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As always, All beekeeping is local. Here’s my beekeeping calendar for the South Carolina Midlands for the month of December:


Hive checks this month are tied directly to outside temperatures. Do not disturb the brood chamber or break propolis seals around boxes unless absolutely necessary. On a warm day in the 60’s you may remove the inner cover briefly and view down between the frames. Try to not be too disruptive in order to allow them to get their house (brood box) in order for winter. Use of a stethoscope or an ear against the side of the hive will often tell you all is well inside.

1) Clean, paint, repair equipment, assemble new equipment, build more hive stands, make some of those time saver gadgets, and replace any bad equipment.

2) If you use a telescoping cover, lift the cover and note for wetness or mold indicating excess moisture within the hive. As needed, ventilate hives with a 1/8th inch crack at the front of the inner cover to prevent condensation and mold. Also, tilting the entire hive forward slightly with a shim placed under the hive, in the back, will allow condensation to run forward and down the front of the inside of the hive preventing it from dripping on the bees’ cluster.

3) December is an excellent month for selling honey.

4) Continue to assess stores, feed using a candy board or fondant as necessary. Continue to lift the back of your hives to check for weight. Now is why you learned this method of assessing stores.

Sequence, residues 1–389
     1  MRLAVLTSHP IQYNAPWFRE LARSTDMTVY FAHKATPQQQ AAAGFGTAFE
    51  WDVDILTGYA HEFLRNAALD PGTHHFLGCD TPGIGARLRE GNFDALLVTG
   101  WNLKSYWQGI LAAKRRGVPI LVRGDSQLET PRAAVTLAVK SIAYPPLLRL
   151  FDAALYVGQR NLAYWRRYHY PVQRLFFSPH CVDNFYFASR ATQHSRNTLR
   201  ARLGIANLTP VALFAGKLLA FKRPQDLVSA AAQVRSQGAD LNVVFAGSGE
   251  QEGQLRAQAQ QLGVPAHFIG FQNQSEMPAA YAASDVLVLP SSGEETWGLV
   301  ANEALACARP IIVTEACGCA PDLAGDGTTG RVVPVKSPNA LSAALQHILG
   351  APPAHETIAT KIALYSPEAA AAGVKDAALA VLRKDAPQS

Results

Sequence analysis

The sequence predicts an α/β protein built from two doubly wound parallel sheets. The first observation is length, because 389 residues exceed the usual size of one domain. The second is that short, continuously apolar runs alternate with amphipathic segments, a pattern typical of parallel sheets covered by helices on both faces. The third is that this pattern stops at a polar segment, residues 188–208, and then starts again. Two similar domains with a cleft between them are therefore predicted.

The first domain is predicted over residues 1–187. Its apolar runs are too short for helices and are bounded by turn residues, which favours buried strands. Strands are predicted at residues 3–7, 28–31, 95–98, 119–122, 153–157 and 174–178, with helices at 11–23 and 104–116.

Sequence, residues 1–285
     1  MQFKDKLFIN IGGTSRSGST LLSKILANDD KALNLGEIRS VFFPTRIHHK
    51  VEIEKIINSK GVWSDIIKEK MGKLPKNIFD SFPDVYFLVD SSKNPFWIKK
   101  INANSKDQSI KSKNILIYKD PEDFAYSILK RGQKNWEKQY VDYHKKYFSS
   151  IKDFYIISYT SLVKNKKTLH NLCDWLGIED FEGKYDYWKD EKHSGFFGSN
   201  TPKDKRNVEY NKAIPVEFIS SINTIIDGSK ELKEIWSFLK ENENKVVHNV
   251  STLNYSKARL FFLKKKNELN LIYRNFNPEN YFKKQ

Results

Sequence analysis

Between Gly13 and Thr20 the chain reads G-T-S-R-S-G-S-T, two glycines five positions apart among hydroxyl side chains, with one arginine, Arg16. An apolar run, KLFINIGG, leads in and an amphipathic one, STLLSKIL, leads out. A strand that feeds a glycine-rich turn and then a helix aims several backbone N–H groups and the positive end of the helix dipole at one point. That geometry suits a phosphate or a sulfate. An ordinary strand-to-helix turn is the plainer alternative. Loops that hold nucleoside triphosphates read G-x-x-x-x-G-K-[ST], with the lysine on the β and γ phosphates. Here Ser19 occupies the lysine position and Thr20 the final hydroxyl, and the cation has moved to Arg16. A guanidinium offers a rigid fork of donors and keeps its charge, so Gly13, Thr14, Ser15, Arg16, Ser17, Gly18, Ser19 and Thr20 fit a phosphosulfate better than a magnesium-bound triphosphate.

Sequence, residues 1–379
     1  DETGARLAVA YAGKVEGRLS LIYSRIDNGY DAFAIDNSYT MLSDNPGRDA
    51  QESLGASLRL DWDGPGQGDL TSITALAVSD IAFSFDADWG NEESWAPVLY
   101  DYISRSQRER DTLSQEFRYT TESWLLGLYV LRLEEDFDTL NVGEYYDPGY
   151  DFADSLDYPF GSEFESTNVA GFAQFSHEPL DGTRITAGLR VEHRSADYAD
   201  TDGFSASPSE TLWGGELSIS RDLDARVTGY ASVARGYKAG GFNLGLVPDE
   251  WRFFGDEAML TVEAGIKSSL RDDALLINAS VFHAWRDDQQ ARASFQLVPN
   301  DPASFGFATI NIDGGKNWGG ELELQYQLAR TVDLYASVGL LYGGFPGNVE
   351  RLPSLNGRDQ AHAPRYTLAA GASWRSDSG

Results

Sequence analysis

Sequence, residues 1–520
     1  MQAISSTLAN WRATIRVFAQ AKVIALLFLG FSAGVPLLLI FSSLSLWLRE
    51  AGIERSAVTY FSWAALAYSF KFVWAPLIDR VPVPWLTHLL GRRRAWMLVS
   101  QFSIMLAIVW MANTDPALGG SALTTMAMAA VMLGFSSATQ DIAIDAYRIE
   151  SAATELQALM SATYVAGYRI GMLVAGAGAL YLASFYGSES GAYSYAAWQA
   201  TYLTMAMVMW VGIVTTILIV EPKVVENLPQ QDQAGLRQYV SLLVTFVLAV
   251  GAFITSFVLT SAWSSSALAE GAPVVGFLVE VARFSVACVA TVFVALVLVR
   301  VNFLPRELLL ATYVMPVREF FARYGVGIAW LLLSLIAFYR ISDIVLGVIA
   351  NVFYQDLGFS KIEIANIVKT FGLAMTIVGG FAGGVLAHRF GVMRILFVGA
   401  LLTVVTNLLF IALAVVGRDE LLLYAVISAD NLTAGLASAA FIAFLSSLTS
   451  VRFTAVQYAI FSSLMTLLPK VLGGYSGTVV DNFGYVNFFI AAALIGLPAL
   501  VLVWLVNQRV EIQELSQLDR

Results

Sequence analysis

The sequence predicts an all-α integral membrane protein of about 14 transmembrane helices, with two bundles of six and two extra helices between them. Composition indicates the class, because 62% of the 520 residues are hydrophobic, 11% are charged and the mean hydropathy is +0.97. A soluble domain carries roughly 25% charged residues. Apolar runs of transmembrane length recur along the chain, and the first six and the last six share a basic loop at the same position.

5) Order packages, nucleus hives, or queens for delivery mid to late March or as early as possible for your area.

6) Review and evaluate how well your bee colonies performed this year and if necessary make decisions on how to improve your operation particularly regarding disease management and pest control such as Varroa mites, small hive beetles, and wax moths. Document your findings in your beekeeping journal.

7) Plan now for changes you’re going to impliment next season.

8) Call, visit, or write farmers or landowners where you’d like to place hives for out yards next spring.

9) Renew you membership in your local Beekeepers Association. Attend local meetings. Register for state Spring beekeeper’s conference.

10) Scout trees for placement and prepare swarms traps. Construct a swarm capture bucket.

11) Build a nucleus hive now to keep in your car or truck for community swarm captures next spring.

12) Order or ask Santa for a copy of that beekeeping book you’ve been wanting to read. Read some every day.

14) If, for some reason you have not yet treated for Varroa, this time of year presents the Midlands with as close to a broodless period as we get. A cheap, economical, quick and easy, method of Varroa treatment during this broodless period is the oxalic acid dribble. Read about how it’s performed here: Once a Year Opportunity to Save on Varroa Treatment


15) Celebrate Lorenzo Langstroth’s birthday on December 25.

The above are general guidelines for the average bee colony in the Midlands of South Carolina. We all have hives that may be outperforming the average. We also have colonies that underperform the average. Use your judgement in making changes suggested here. Beekeeping is an art as well as a science. Only you know the many, many particulars associated with your physical hives as well as the general health and population of your colonies.